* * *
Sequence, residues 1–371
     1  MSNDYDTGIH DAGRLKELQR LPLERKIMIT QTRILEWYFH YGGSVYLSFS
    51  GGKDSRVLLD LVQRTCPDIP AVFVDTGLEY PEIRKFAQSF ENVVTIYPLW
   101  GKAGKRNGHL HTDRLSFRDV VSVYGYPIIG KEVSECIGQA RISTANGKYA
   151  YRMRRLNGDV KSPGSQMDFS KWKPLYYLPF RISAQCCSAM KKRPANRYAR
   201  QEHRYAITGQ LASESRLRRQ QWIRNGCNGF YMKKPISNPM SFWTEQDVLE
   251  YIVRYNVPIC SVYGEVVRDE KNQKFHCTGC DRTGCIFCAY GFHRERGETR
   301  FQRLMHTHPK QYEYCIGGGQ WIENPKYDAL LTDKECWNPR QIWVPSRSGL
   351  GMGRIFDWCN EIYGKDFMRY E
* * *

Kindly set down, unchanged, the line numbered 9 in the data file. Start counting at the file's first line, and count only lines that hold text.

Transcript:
   351  GMGRIFDWCN EIYGKDFMRY E